More road diets now! More protected bike lanes now! More greenways now!

    Wider sidewalks and more street landscaping now!


    1. Adam

      I know, right?

      US states allowing right on red is the exception for civilized countries, yet we have people whining anyway. It’s dangerous for people walking and biking, and safety for people should be of the utmost importance. Full stop.

    2. Curi

      I think it’s because there are still a few of us who haven’t totally lost the ability to see things from more than one perspective… ;)

      1. Capitol Hillian

        When I drive I find that people who block the box often pull into the intersection and wait because they are worried that a car is going to do a right on red turn and block them from going straight (and they are often right when they properly wait behind the intersection – cars do turn right and block the space that opens up).

        As a driver this helps me because it organizes the turning movements and decreases the incentive to block the box – something that irritates me even more than not being able to turn right on red.

  11. asdf2

    In general, I don’t have a problem with right-on-red, but at targeted intersections, restricting it does make sense. For instance, when there’s a multi-lane turn, the right-on-red is much more problematic for pedestrians trying to cross because one car blocks the view of the driver in the next lane over.

  12. RDPence

    But right-turn-on-green can be just as dangerous. The pedestrians are just in a different crosswalk when the cars turn.

    1. Peri Hartman

      It does make one important difference. At least they are looking in front of them instead of to the left.

      You can still get a right-hook, though, if you are a fast cyclist zipping by on the right. In that case, I suggest riding in the auto lane, not the bike lane, or at least being very cautious.

    2. LWC

      The difference with right-on-green is that drivers don’t have to look out for other cars with right-of-way, so they are freer to watch out for pedestrians.

    3. Alexander

      The only time I’ve been injured by a car was in a left-on-green situation downtown. The driver said that as I walked into the crosswalk his view of me was blocked by the pillar of his car.

      In general, left turns are more dangerous than right turns. Left turns are more complex than right turns and tend to occur at higher speeds. That is one of the (many) reasons why UPS drivers turn right 99% of the time.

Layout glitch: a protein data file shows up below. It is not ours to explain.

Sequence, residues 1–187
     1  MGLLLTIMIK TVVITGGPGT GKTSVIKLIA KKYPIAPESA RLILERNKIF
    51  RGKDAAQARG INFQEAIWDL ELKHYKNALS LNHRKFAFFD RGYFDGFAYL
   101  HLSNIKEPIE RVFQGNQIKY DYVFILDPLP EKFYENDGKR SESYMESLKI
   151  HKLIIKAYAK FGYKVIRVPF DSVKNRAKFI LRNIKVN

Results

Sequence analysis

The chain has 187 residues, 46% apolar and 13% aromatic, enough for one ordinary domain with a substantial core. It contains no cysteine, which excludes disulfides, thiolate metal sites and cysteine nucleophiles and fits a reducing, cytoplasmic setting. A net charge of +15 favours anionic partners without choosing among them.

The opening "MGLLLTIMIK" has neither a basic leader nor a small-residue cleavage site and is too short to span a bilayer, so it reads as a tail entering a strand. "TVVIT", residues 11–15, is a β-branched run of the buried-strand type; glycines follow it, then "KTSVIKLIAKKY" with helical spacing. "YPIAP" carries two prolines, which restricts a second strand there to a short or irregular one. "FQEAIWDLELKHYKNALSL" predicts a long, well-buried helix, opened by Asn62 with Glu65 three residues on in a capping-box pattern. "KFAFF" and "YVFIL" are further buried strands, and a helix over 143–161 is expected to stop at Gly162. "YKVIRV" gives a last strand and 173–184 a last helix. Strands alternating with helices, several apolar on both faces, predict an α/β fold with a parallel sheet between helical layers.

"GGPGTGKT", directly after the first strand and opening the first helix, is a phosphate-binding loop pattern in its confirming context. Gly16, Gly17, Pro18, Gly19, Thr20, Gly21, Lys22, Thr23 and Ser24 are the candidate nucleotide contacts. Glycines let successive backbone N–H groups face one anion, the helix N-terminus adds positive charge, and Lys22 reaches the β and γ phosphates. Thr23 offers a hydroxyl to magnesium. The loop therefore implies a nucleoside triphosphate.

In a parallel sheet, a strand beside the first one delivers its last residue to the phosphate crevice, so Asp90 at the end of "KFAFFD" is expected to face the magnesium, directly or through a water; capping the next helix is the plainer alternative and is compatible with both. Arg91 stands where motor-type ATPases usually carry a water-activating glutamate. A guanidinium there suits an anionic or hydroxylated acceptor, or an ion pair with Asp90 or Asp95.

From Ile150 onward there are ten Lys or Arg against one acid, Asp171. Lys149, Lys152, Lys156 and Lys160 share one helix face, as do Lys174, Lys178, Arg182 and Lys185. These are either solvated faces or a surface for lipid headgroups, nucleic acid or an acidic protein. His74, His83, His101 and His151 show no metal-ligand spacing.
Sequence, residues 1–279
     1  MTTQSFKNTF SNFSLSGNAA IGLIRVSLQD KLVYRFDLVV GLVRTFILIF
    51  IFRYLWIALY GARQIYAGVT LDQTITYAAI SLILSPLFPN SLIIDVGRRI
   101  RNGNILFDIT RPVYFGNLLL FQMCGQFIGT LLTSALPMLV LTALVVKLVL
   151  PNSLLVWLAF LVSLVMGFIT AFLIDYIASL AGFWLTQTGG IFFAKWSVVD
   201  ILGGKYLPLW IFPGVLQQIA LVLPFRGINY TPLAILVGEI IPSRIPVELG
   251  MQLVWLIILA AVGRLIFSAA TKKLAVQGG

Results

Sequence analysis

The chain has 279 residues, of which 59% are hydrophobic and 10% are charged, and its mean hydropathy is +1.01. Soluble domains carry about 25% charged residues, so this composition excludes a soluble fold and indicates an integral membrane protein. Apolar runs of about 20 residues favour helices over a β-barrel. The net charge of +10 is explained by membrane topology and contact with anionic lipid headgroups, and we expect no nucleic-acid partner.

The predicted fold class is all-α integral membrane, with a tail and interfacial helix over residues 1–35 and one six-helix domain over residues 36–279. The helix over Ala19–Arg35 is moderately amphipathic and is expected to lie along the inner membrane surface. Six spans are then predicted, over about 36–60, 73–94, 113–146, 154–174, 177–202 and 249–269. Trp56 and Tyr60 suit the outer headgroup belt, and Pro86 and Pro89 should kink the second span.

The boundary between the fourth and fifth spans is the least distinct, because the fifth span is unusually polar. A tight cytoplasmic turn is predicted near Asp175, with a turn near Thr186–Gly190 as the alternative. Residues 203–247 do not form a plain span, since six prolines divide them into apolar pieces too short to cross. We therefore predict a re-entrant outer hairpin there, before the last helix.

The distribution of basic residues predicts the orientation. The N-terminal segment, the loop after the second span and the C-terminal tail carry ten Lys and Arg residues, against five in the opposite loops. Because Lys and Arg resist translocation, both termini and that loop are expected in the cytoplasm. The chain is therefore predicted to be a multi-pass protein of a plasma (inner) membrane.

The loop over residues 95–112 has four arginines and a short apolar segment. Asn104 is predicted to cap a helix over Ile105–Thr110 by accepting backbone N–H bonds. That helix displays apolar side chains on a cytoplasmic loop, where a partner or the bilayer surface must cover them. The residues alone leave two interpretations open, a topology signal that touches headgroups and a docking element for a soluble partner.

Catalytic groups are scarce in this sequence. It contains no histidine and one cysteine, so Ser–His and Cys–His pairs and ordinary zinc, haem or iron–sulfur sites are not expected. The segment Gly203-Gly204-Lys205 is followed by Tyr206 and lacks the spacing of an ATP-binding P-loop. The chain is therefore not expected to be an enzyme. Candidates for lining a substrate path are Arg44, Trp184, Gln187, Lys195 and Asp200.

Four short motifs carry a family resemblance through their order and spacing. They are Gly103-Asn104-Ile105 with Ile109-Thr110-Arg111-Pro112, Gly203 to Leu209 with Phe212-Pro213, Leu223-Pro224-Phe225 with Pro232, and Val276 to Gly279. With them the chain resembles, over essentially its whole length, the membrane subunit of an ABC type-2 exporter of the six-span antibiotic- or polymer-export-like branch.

Right-on-red at least forces drivers to stop (or at least dramatically reduce speed) whereas turning on green lights allows drivers to carry more speed into the intersections. As we know, speed = severity.

      1. Peri Hartman

        Yes, left turns from one way streets are problematic with visibility. When driving, I have to remember to physically lean to the right by about 12″ in order to see the crosswalk in such cases.

        It’s an extra factor to consider when deciding to ban left or right on reds.

  13. Jeik

    I’m really skeptical that people will obey this. I see cars cruise down Bell St everyday when there are clear signs that say they can’t. I don’t think signage does much to improve safety anymore, especially downtown where there is so much going on. Still, I support the effort.

    1. Josh

      Some level of enforcement is necessary to get people to obey the rules. Not a Draconian crackdown, just a reasonable fear that blatantly breaking the rules occasionally leads to a proportional punishment.

      Look how much speeding has improved in school zones with cameras, for example.

    2. Molly

      The Bell St signs are not clear to me. Those could definitely use a re-design.

      1. Josh

        Agreed, even knowing what they mean, instinctively, they feel like they apply only to the green light on the right, as if it’s two lanes and only one must turn. Rules require two signals for safety, but why do those signals have green balls if traffic must turn right? Use green right arrows with “except bus and bike” so that the signal itself tells all drivers they must turn right.

      2. rob_kp

        Paint directing the driver that it’s turn only would also help.

  14. Law Abider